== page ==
“I’d noticed that pubic hair has disappeared from public discourse. There are just no images of it, so I wanted to put images out there that don’t really exist at all. It’s promotional almost: the glamor industry has created such distortion in young girls. I know young girls who are lasering all the hair off their bodies. And for pubic hair to look disgusting to young boys, that’s not healthy. I wanted to make beautiful images of pubic hair so that women have more choices.“
Marilyn Minter has long been creating hyperrealistic paintings of the female body, from lipsticked lips to high-heeled feet, in tight, cropped compositions full of decadent color and provocative sexual implications. Now, her focus is turned toward a part of the female body that remains somewhat taboo for the 21st-century: female pubic hair.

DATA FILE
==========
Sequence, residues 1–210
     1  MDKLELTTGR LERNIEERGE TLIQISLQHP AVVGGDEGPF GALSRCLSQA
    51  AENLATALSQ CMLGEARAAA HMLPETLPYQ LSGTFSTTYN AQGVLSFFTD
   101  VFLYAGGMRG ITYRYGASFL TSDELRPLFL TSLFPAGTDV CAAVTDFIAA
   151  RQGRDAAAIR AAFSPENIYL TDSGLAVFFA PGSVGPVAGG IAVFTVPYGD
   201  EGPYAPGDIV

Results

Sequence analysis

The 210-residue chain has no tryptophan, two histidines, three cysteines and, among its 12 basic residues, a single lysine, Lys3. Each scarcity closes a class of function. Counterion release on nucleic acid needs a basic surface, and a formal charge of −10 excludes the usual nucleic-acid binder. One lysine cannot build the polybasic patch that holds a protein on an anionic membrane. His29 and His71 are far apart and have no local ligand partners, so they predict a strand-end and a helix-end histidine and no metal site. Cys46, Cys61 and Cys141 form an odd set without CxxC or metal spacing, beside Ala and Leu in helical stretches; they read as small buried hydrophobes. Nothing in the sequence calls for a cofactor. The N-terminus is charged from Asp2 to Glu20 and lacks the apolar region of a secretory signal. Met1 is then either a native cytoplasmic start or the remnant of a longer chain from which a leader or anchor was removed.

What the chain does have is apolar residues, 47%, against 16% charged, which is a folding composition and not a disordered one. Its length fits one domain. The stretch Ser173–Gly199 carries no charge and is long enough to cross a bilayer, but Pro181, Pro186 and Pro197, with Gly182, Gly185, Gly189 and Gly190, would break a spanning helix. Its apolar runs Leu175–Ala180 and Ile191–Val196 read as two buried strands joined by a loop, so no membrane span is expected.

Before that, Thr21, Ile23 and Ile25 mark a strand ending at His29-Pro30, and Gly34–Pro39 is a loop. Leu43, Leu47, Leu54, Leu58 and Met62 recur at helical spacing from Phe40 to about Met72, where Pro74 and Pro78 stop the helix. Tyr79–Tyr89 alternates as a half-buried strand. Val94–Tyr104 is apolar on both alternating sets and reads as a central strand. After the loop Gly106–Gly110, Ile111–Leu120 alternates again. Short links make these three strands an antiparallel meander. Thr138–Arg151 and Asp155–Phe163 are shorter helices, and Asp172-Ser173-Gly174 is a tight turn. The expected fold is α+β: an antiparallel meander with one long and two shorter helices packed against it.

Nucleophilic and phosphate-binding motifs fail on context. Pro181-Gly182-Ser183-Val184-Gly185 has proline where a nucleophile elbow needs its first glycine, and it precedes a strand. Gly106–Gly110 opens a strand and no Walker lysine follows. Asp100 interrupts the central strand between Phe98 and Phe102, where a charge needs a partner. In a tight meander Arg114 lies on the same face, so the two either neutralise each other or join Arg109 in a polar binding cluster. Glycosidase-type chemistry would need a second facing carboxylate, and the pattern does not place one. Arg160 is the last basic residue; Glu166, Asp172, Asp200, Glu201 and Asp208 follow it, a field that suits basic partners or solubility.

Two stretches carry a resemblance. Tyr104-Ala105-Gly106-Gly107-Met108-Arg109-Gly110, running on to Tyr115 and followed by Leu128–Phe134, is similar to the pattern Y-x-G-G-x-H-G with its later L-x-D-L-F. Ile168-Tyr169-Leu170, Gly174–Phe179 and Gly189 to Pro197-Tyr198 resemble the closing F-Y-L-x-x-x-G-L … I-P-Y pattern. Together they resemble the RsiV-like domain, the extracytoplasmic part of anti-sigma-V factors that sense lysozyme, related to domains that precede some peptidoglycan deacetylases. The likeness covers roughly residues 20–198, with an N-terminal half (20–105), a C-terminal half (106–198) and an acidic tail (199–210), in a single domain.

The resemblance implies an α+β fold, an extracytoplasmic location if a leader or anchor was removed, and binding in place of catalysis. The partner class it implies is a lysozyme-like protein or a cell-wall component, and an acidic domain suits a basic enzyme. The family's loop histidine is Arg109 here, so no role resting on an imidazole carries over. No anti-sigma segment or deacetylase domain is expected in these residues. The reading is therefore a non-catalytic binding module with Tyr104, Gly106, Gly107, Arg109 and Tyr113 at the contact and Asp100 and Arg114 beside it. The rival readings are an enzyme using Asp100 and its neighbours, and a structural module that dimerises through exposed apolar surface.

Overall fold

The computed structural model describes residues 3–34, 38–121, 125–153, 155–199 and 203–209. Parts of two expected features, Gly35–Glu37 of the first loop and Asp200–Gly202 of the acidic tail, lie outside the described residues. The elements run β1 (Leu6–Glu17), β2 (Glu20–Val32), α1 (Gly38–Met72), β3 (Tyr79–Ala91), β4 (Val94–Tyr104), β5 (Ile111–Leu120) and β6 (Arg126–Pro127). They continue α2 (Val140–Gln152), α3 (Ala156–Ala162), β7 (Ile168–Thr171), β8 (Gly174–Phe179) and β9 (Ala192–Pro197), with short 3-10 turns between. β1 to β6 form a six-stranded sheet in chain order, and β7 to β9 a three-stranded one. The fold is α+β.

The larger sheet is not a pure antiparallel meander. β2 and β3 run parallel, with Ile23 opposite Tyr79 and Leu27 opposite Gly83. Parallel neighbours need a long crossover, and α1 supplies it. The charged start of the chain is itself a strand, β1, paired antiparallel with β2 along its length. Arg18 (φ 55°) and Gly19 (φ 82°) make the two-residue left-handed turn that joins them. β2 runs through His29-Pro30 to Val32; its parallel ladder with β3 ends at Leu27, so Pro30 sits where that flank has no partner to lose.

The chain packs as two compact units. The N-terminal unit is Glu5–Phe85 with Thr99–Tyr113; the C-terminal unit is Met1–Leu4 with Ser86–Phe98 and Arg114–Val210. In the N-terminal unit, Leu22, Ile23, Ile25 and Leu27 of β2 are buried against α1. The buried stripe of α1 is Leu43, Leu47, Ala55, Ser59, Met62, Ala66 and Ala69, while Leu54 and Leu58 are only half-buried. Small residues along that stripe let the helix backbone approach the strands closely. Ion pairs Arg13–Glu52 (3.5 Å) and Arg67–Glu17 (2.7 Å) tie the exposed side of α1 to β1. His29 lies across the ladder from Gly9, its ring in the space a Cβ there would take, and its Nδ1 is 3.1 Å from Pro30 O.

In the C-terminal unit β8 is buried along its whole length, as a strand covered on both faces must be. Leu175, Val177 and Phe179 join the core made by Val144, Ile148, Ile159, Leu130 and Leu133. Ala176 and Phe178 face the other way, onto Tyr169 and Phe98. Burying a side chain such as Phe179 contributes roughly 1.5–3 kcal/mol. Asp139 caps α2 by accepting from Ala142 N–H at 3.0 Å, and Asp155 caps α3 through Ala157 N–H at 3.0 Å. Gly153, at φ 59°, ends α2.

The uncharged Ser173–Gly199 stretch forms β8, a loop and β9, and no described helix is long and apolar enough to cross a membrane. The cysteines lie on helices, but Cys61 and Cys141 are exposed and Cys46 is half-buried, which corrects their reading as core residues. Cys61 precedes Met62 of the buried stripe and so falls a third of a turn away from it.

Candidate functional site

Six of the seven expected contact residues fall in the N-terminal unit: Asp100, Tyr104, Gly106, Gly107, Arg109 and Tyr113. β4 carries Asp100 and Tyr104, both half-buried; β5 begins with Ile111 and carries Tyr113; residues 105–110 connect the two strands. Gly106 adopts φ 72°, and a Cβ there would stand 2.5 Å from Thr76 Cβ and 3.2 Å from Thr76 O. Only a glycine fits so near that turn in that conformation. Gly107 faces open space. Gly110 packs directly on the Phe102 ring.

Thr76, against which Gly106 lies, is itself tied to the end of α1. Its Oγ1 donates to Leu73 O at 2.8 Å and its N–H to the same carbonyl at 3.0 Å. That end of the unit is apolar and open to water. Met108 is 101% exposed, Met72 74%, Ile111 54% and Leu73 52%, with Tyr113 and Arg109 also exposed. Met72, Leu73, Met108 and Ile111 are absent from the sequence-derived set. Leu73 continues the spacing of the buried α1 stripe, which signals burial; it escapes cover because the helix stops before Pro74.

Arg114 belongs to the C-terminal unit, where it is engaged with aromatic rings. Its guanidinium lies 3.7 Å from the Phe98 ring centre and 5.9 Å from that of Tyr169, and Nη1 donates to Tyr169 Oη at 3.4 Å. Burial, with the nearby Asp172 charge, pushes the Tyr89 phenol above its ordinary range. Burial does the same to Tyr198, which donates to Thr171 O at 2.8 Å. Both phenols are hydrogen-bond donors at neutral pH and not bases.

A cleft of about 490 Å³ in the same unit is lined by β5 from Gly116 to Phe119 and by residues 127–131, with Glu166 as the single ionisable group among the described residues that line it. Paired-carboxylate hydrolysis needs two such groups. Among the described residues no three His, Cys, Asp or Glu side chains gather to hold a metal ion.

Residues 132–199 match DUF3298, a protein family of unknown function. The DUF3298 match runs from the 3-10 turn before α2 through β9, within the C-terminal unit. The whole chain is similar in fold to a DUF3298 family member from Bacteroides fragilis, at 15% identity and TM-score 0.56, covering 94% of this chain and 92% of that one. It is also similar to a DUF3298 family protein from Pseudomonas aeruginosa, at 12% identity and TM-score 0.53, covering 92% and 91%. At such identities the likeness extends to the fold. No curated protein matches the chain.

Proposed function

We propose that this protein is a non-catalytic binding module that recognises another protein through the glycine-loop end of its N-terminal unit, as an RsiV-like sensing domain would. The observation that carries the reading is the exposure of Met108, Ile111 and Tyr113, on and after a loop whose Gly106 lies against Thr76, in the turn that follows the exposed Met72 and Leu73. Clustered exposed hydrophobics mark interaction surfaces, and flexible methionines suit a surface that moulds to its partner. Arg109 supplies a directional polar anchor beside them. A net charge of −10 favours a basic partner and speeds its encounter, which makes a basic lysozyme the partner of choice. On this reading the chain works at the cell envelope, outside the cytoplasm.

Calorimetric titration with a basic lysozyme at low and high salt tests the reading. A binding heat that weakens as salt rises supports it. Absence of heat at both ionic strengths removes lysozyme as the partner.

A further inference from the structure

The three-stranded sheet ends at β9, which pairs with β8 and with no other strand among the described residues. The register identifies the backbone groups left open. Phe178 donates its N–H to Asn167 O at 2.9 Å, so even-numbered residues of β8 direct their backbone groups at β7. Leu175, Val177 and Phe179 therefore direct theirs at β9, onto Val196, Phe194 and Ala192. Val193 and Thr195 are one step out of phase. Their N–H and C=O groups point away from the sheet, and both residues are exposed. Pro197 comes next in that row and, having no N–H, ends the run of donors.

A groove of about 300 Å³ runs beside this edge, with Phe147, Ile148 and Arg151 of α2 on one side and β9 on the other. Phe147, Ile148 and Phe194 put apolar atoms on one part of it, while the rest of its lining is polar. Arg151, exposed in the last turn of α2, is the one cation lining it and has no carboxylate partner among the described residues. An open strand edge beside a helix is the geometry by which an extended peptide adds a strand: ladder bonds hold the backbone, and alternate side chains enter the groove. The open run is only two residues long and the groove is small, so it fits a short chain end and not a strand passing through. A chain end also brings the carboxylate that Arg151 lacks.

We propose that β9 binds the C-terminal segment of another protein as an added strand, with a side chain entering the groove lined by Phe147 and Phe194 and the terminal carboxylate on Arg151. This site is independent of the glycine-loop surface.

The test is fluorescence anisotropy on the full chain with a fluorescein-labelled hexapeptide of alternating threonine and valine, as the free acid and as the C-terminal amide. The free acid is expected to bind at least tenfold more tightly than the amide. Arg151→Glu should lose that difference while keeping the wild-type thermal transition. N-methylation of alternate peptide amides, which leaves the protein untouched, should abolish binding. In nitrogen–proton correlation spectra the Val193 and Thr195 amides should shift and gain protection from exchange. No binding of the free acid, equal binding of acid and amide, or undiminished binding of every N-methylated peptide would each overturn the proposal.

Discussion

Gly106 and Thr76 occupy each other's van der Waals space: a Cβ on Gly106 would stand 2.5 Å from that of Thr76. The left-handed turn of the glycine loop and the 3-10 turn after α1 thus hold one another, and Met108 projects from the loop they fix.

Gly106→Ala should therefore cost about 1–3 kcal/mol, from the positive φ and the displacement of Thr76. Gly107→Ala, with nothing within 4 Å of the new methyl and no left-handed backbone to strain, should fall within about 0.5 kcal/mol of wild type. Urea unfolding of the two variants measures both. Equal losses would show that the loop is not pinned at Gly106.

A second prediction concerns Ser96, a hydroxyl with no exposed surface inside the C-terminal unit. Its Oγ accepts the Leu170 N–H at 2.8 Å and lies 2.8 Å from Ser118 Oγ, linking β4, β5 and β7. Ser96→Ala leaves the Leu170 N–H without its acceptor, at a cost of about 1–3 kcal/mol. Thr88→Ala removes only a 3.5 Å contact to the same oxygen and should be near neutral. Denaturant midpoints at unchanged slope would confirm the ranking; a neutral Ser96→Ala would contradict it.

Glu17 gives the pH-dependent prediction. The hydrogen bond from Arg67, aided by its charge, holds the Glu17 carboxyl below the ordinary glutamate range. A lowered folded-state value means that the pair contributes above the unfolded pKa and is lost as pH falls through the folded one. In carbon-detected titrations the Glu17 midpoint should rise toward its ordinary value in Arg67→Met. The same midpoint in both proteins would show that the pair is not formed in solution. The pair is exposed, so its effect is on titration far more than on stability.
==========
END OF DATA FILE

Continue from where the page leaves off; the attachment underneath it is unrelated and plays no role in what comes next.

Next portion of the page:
The New York artist has teamed up with Fulton Ryder, the book shop and publishing company helmed by artist Richard Prince. Ms. Minter’s book, titled Plush, is an up-close examination of the au naturel, unshaved crotch—think an updated take on Courbet’s L’Origine du monde, and with a distinctly female gaze—through a series of new photographs and paintings.
The book will be released in a limited run of 500 copies, with 10 deluxe editions, this week in Miami to coincide with the festivities for Art Basel Miami Beach.
“I started shooting pubic hair for a project initiated by Neville Wakefield who at one point was editing a new magazine that for various reasons never came to fruition, the idea was to create beautiful images of pubic hair, a subject matter that seems to be disappearing from popular discourse. We asked model’s of all races, all colors to grow out their pubic hair and I got inspired to make photos and paintings from
some of those images… I paid all of these models to grow out their pubic hair. There were redheads, there were Swedish girls. Everything’s real. Nothing’s dyed.”